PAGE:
America is Not a Democracy

Jan Krawczyk, Staff Writer

*The opinions expressed within the content are solely the author’s and do not reflect the website’s or its affiliates’ opinions and beliefs.*

Americans pride themselves on being a democracy. We justify wars as “bringing democracy” to other countries. It is so ingrained in our minds that we have a democratic political system that we don’t question it. We are taught that our government will adhere to the wants of the people. Yet, while most Americans support policies that would create medicare for all, free public college and increase the minimum wage, our “democracy” has not responded to this will.

Many say that this is simply a “defect” in our democracy rather than an in-built attribute and that our political system generally does reflect our wants and needs. However, the truth is that we have two forces each vying for power in our political system: the working class, or the greater population, and the capitalist class, who have opposing interests. The former work for the businesses, and the latter own them. The capitalist’s class undue power is the reason why the people’s will is not reflected. Massive corporations constantly attempt to influence our policies away from the needs of the people—their primary strategies being lobbying politicians, funding think tanks and donating to political campaigns. As long as politicians continue to respond to the wants of businesses rather than the people themselves, America cannot call itself a true democracy. 

Special interests are allowed to donate as much money as they want to political campaigns in the form of Political Action Committees. These PACs create ads, donate directly to campaigns, organize events in favor of issues and more. “Special interest” here is essentially a euphemism for huge corporations that want to influence politics for their best interests. Since politicians and their campaigns rely on this money to run a successful campaign, these interest groups can hand-pick which politicians they want to win, and of course, they will choose the ones that benefit them. If someone has more money, then they can donate more to influence politics, and big businesses have the most by far.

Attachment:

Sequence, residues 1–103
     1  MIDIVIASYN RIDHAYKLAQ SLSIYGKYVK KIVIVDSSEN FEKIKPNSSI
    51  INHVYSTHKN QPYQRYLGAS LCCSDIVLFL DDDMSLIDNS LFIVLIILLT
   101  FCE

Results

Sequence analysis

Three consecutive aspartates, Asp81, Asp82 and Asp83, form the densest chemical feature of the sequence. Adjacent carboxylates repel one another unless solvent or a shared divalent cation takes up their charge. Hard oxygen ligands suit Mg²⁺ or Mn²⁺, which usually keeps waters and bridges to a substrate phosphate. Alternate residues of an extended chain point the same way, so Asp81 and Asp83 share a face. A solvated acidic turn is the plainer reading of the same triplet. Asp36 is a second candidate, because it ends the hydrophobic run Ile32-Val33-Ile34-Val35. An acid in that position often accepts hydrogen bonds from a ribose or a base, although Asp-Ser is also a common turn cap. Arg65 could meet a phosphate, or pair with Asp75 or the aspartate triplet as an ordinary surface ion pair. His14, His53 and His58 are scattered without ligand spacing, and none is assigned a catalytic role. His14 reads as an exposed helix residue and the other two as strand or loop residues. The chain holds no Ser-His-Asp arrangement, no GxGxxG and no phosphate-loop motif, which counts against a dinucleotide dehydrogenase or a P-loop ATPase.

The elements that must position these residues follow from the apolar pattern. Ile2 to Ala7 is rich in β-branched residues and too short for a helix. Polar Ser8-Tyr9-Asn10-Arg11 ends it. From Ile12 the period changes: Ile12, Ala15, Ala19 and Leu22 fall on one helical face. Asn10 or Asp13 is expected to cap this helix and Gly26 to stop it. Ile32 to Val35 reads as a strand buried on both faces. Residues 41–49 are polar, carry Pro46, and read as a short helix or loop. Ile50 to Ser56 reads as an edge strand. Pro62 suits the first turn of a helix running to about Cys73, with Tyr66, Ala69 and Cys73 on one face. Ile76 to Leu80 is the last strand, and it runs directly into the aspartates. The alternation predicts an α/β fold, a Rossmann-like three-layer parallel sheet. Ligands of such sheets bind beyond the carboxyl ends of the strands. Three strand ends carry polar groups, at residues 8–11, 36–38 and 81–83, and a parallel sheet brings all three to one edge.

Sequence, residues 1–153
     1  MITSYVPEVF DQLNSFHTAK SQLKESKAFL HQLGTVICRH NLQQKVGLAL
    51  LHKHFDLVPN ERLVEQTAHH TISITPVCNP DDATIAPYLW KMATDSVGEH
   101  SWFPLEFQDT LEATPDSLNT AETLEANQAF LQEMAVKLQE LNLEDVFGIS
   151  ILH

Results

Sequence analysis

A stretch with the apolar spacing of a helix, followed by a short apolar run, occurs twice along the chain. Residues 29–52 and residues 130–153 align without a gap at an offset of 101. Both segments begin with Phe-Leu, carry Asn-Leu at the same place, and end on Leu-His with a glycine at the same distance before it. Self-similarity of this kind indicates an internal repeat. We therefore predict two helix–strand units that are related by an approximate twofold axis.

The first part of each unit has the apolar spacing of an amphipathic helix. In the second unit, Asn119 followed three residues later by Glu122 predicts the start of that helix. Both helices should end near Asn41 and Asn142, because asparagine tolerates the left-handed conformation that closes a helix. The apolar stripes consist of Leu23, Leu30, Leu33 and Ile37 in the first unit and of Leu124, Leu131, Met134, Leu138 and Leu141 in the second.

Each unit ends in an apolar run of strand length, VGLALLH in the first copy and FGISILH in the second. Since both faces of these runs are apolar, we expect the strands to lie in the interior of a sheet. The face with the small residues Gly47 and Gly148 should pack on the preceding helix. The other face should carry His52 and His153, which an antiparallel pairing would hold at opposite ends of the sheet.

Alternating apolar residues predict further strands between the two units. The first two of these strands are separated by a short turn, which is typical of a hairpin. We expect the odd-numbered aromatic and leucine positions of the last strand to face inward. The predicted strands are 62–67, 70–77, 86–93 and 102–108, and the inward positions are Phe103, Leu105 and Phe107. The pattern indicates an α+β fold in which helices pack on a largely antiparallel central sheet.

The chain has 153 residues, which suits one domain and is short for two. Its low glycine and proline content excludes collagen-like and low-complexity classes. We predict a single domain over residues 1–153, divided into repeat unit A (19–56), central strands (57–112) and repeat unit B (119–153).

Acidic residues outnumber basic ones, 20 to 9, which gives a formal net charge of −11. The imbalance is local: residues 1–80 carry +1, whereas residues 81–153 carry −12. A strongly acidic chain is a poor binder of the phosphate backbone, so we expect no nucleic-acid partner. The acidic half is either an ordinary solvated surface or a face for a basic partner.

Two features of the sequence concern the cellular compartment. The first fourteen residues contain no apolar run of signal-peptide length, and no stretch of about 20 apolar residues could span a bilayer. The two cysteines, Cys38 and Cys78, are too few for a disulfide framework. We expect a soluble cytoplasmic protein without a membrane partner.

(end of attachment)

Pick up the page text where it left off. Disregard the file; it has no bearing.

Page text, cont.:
Politicians know that they need donations from the rich and powerful to maintain their position in government. Consequently, our representatives have a pronounced interest in pleasing their donors. From voting for legislation to promoting things in the media, politicians are incentivized to make decisions that support corporations rather than their constituents. Corporations and organizations are also allowed to simply send people to our government officials to influence them as much as possible. These lobbyists not only have the backing of massive corporations but also present millions of donation dollars that our politicians struggle to resist. Lobbyists often have leading positions on the same PACs that donate to politicians, further tightening their grip over our government. Over $535 million has been donated to politicians from lobbyist-led committees since 1998. We understand that this type of oligarchic power over government officials is undemocratic when it occurs in foreign nations, such as Russia, but we still promote ourselves as a bastion of democracy.

Even the “father of political theory,” Plato understood that democracy is flawed because more charismatic politicians can propagate their positions better—even if they don’t improve the lives of their constituents. In America, we can purchase charisma in the form of political ads, campaigns, advisors and political party support.